This previously unpublished tablet contains a highly interesting commentary on a ritual that seems to have taken place during the month of Simānu. The commentary is preserved in two duplicating manuscripts. The best preserved one, BM 47458 (81-11-3,163), is an almost complete tablet from the British Museum’s 81-11-3 consignment. Although it contains no colophon, only a rubric, it very likely belongs to the tablet collection of the Achaemenid scribe Iprāʾya (formerly read as Šebāʾya or Šemāʾya), son of Marduk/Zababa-pirʾu-uṣru descendant of Ēṭiru. This is suggested first by the fact that many other tablets from the same 81-11-3 consignment belong to that scribe’s collection. In particular, the format and script of the commentary on “Marduk’s Address to the Demons” (BM 47529 = CCP 2.2.1.B), also written by this scribe, are remarkably similar to those of the present tablet. Secondly, the present tablet shares a series of peculiar epigraphical traits with other tablets of that collection, particularly the quadrangular shape of the šà sign. The second manuscript of the text is a small fragment from the same consignment, BM 47661 (81-11-3,366, CCP 7.1.6.A.a), which duplicates ll. 19-31 without any variant. It very likely stems also from the stylus of Iprāʾya.
Remarkably, many of the explanations of this commentary also feature in the commentary tablet BM 36595+ (80-6-17,324), edited as CCP 7.2.u103, a tablet written during the early Hellenistic period (between 315 and 311 BCE). Both the present commentary and the early Hellenistic tablet appear to be commentaries on rituals that take place during the month Simānu. Both quote the same line from an unknown text (perhaps the Love Lyrics) and perform the same etymographic analysis of it (ll. 8-9 in this text and 10-12 in BM 36595+), both contain the same notarikon explanations of the god names and of the name of the month Simānu (l. 11-12 here and 11 in BM 36595+). Moreover, each quotes a different line from one and the same text, namely the bilingual šuʾila Marduk 1. The overall impression gained from comparison of the two texts is that they both contain a somewhat serendipitous compilation of hermeneutical traditions chiefly relating to the month Simānu and the ritual actions that took place within it, rather than a coherent treatise. This impression is further supported by the rubric of the present text (l. 32), according to which the commentary is based on the oral teachings of a scholar.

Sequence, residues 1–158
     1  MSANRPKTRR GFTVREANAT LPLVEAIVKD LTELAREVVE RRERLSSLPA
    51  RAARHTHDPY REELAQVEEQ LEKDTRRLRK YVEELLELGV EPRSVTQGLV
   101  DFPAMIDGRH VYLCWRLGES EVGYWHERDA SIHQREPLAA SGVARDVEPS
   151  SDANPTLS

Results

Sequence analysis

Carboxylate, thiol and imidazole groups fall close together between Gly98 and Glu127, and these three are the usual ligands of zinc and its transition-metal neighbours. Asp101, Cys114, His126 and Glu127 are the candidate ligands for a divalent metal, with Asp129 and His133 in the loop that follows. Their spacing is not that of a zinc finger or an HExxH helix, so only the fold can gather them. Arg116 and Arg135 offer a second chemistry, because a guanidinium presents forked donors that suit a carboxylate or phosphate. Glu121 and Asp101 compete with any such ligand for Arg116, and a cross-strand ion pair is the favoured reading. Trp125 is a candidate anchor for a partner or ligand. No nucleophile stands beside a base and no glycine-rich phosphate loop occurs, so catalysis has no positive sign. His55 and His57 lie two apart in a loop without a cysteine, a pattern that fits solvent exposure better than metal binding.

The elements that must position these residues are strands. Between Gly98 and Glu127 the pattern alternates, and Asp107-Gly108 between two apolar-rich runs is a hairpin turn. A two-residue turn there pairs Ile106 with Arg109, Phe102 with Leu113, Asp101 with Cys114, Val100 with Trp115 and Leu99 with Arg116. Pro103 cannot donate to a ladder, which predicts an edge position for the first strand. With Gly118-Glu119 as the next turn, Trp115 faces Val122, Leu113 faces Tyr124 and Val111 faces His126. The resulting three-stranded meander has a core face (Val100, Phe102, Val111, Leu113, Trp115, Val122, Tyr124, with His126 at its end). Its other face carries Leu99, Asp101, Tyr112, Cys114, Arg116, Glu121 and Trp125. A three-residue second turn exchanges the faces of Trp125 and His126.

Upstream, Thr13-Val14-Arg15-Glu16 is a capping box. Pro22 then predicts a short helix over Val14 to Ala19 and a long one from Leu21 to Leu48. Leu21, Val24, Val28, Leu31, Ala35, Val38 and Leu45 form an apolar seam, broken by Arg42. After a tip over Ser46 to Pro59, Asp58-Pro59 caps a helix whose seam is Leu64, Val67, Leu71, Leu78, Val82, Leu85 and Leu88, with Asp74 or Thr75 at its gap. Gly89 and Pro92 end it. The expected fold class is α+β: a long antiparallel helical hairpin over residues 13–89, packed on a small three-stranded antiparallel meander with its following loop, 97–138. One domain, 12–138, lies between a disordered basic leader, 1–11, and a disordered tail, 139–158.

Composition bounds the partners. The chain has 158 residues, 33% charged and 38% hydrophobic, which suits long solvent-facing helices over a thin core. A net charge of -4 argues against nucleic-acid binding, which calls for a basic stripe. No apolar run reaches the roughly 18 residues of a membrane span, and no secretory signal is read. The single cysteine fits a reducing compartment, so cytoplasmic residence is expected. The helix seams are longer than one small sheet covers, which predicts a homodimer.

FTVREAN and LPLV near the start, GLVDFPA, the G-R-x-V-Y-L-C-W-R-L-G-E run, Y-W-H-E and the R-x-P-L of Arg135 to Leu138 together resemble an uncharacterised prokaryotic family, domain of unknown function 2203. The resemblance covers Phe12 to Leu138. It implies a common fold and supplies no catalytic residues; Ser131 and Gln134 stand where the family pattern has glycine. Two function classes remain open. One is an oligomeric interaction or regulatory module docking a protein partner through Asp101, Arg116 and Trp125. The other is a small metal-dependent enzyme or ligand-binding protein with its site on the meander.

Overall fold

The first part of the commentary (ll. 1-7) is concerned exclusively with the elucidation of the name of the god Madānu. The theonym is first said to mean “the builder of the house,” since it can be “etymographically” analyzed as ma (meaning “house”) and dà (meaning “build”). A different exegesis is then given, according to which Madānu is identical with the god Ennugi, and the latter’s name means “he who knows no wife” (ll. 3-4). Two further notarikon analysis of Madānu’s name are then given, which “etymologize” the god’s name as “the god who passes judgment” (ll. 4-5) and “the light of the lands” (ll. 5-7). Interestingly, the exegete justifies the latter interpretation by mentioning a ritual in the course of which a torch (whence “the light”) is ignited in the temple of Madānu (probably in Babylon, see below the note on l. 7).
The second section (ll. 8-9) is concerned with the explanation of a line, quoted perhaps from the ritual tablet of the Love Lyrics, and which also appears in BM 36595+ ll. 10-12. This is seamlessly followed by an etymographic interpretation of the hapax legomenon úr.sag.ga, ostensibly a temple of Šamaš (ll. 10-11), and of the name of the month Simānu (ll. 11-12), the latter of which also features in BM 36595+ l. 11.
The fifth section (ll. 13-16) focuses on providing an etymology for the name of Esangil, the main temple of Marduk in Babylon. According to this section, the foundations of the Esangil were laid on the 18th of Simānu, and the temple’s name means “in its midst installed a shrine the prince Marduk.”
The sixth section of the text (ll. 17-21), arguably the most ingenious, deals with the goddess Bēlet-Ninuʾa. By deconstructing the signs with which the goddess’s name is written, the commentary argues that the word “fruit orchard” is contained within it. It further argues that the “orchard” refers to the pine cone that a representation of the goddess, apparently made of saggilmud-stone, carried in her hand, and speculates that the pine cone symbolizes the role of Bēlet-Ninuʾa as wet nurse of Marduk, a role well attested in other texts.
The final section of the commentary (ll. 22-29) is devoted to providing several different etymologies of the name of Ea (ll. 22-27), of two hitherto unattested gods ([da]m.gar.ud and [dam].gar.a, ll. 28-30), and of the name of Šamaš or Šazu (ll. 30-31). Two different texts are quoted in this section: the above-mentioned bilingual šuʾila and the epic Enūma eliš.
In sum, this text is not a coherent treatise, but rather an omnibus compilation of traditional interpretations of names of gods, temples, months, and even trees, fruits, and stones. In its large array of notarikon analyses, it epitomizes the belief that, as formulated by Borges, “each word is defined by itself.”
The edition below has profited from repeated collation of the original by I. L. Finkel